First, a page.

We’ve been dying to grow a plum tree. For quite some time now, whenever we stroll our garden, we look to see where there’s enough space to squeeze in a plum tree. Maybe “squeezing in” might not be the best gardening technique, but when you’re desperate, anxious and impatient gardeners like we are, anything will work. Until we figure out how to rearrange the garden (can this be possible?) to make room for our glorious plum tree, we’ll have to continue drooling over all the plums that we find at the farmers market and road side fruit stands. So what type of plum would we grow? A Santa Rosa plum tree, of course! These incredibly sweet and juicy plums are our favorite and eating a Santa Rosa means protecting yourself with towel or napkin because the fleshy, juice laden fruit is bound to explode on your favorite shirt!
But our minds might just have changed since visiting a plum orchard in Fresno during our little road trip last week. This amazing orchard of stone fruits featured a new variety of plums called Red Beauty plums. The farmer informed us that this variety is now replacing our beloved Santa Rosa plums because Red Beautys (or Red Beautes) are heartier for shipping. Red Beautys are just as juicy and sweet as Santa Rosa’s, but hold up to shipping better because of their firmer flesh. Could there be a replacement for our Santa Rosa’s? Naw….nope….nada…..uh, uh…no way…could anything replace the sweet explosion of the Santa Rosa’s. Well, after a taste test of the Red Beautys, we’re hooked, but maybe not enough to be convinced that the Red Beautys are better, but they are still damn good! The flesh of Red Beautys are firmer, less perishable, but just as sweet and “almost” as juicy (we’re still SR plum fans!)
Armed with two bag fulls of delicious Red Beauty plums from our trip, the timing is perfect for some summer gelato and for Mike’s I scream, You scream event. This summer’s is inspiring us to make gelato for this event. As most of you know, gelato is the Italian cousin to ice cream. Smoother and more rich, it is also, ironically, less fattening. Made with whole milk instead of cream or half and half, but with just a bit more egg, it develops it’s incredible texture by incorporating less air into the custard. Another bikini factor (or speedo? Sorry, hell no!) is that you are usually satisfied with much smaller portions due to the richness.
Plum and what? That was the question we posed to ourselves. What could we add to the plums to make the gelato special, but not interfere with or overwhelm the flavor of the plums? After all, they are ingredient we wanted to highlight the most in the gelato. Upon searching the cabinets, we found a bottle of semi-dry Muscat wine and we knew we had a “Winner! Winner! Chicken Dinner!” (We watch too much Sportcenter!) Feeling experimental, we crafted two different batches. One by poaching the plums in the wine, the other by using only the raw ingredients blended into the custard. Both were tasty, the first taking on the distinct qualities of poached plums, the latter having the fresher and brighter flavors of the plums and muscat. Personally we liked the latter better, but if you are a big poached fruit fan, that version is quite tasty. We aren’t 100% happy with the texture yet on either. Coming off the ice cream maker, they are perfect, but after a night in the freezer and solidifying more, it’s a touch icy. It may be from the blending, and we are going to try again with a more gentle mixing process, or maybe from too much wine. As is, the recipe is 90% there and well worth the time to try it. We are going to have to pick up some more plums to finish our research.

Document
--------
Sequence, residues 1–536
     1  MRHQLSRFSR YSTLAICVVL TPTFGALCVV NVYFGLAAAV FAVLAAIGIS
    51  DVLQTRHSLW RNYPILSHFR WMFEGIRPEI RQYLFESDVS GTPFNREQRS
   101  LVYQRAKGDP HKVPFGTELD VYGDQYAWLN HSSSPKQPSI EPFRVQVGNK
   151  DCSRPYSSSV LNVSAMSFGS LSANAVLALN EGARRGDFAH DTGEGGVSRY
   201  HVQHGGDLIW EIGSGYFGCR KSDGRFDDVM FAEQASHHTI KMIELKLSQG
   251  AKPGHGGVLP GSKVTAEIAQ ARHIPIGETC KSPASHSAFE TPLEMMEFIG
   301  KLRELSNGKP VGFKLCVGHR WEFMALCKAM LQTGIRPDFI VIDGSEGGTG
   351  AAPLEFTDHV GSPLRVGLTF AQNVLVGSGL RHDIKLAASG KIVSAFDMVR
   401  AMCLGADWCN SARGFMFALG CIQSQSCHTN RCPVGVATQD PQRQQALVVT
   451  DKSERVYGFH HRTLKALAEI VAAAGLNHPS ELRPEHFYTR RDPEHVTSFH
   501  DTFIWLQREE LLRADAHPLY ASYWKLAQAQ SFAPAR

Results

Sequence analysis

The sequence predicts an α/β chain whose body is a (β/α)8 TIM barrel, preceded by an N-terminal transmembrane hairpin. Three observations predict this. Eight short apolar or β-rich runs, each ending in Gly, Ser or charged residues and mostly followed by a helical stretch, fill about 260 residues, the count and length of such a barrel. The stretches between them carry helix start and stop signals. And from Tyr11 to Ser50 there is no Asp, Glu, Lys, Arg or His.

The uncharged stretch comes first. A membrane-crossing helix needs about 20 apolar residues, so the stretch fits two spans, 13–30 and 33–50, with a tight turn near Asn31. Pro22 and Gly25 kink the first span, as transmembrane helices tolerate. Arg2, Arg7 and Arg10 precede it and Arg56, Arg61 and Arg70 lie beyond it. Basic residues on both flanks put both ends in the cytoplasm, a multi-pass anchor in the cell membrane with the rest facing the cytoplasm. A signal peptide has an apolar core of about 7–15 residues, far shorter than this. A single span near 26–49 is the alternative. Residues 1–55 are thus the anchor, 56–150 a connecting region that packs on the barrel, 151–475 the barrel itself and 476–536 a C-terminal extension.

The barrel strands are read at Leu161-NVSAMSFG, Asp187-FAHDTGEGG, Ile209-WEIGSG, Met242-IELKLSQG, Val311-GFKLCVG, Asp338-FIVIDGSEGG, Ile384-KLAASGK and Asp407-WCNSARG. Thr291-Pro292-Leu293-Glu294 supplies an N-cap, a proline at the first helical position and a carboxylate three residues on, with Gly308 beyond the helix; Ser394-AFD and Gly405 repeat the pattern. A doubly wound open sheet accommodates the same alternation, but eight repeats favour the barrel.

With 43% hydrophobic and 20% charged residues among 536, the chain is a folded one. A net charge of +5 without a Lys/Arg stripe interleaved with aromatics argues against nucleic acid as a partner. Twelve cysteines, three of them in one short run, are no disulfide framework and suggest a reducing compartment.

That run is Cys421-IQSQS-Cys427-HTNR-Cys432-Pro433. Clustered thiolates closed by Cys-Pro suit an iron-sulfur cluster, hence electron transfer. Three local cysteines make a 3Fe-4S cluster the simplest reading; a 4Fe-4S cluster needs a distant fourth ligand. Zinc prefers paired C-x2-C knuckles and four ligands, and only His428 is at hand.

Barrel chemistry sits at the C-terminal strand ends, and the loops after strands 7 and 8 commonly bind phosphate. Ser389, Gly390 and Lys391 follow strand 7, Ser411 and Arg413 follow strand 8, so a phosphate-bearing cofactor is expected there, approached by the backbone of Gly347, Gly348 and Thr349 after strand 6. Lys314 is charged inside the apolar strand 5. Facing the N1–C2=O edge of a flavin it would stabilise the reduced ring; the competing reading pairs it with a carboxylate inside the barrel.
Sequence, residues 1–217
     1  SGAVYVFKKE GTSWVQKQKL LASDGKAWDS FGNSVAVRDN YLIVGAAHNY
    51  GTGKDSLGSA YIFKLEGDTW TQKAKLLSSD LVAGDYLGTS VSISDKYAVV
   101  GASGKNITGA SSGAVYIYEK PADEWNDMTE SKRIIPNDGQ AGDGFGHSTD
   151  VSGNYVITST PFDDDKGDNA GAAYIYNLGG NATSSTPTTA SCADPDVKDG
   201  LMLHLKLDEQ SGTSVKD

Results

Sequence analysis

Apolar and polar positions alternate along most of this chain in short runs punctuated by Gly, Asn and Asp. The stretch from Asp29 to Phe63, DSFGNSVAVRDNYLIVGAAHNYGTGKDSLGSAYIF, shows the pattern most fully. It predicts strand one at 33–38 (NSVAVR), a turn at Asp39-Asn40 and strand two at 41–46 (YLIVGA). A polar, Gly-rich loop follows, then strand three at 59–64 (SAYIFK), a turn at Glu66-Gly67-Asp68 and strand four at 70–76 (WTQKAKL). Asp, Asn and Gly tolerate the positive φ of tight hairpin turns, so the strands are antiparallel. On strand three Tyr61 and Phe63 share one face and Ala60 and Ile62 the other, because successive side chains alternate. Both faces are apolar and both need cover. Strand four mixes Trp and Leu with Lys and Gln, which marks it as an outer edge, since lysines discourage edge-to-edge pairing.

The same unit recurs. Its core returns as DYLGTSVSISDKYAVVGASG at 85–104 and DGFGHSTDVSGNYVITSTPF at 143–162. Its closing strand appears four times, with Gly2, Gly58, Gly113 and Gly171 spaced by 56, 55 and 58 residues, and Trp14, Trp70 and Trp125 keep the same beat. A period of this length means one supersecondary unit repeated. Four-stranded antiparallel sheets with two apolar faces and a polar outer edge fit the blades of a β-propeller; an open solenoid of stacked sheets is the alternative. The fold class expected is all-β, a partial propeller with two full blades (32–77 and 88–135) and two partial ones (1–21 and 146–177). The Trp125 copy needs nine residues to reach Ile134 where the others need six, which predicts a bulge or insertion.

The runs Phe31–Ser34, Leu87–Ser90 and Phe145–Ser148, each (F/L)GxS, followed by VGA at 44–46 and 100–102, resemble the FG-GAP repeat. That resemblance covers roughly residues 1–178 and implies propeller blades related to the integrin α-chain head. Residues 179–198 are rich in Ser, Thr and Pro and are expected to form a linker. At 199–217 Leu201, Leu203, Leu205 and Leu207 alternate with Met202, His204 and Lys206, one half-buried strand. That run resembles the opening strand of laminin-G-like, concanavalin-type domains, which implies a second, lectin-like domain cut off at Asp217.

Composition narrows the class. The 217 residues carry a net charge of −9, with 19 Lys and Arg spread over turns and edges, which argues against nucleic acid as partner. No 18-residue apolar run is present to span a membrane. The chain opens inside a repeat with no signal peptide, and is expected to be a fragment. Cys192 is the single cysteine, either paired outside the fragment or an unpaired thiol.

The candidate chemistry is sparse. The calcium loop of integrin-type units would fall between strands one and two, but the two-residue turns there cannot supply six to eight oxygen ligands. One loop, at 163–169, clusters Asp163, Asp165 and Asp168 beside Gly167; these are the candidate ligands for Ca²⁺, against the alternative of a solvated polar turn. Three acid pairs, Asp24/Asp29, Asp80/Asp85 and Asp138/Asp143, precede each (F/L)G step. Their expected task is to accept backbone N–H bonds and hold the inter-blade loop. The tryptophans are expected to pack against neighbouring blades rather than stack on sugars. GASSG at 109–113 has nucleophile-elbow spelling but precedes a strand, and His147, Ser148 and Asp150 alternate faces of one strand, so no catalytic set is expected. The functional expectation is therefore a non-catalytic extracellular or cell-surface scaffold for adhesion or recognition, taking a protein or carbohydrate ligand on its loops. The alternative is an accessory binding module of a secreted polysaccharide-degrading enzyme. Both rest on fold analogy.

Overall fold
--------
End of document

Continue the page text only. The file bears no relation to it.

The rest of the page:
There is a reason almost every gelataria also has an espresso maker. Nothing goes better together on a hot afternoon like a well-made espresso and your favorite gelato. The intense contrasts of the bitter and the sweet. Hot and cold. We are salivating just thinking about it. BTW, if you are ever in the Los Angeles area, stop by Pazzo Gelato in Silverlake. Their gelato is incredible and the espressos are damn good, too!
Plum and Muscat Gelato Recipe
This recipe was based off of a Grape Gelato w/ Saba recipe in Gelato! by Pamela Sheldon Johns. We did two variations, one poaching the plums in the wine, the other leaving the wine and plums uncooked. We liked the latter version better, so that is the recipe here, but if you want to try the poached version, cook the ingredients in Step 1 for 20-25 minutes or until the plums are tender and the mixture has thickened a bit. Set it aside to cool, blend in a blender or food processor, then combine it with the custard as directed in the following recipe. We aren’t 100% happy with the texture after it freezes overnight in the freezer, but it is perfect when it first comes out of the ice cream maker. As we perfect the recipe, we will update it for you. In the meantime, this recipe is still very good and worth the time to make.
Total Time: 3 hours
Serve with a nice espresso or a glass of the muscat.
Making this gelato was a delicious experience and we’re submitting our gelato to Mikefor his You Scream, I Scream, We all Scream for Frozen Desserts event. Tis the season to make a cool desserts for the sweltering summer heat! It’s a great event and here’s Mike’s call out to everyone: “So I’m calling on you, fellow food bloggers, to put your creativity towards cooling off with something sweet this summer. Create some delicious, summery frozen desserts–whether they be ice creams, gelatos, sorbets, granitas, frozen mousses, frozen yogurts, kulfis, etc–and send them in!”.
More dessert dishes that you might enjoy: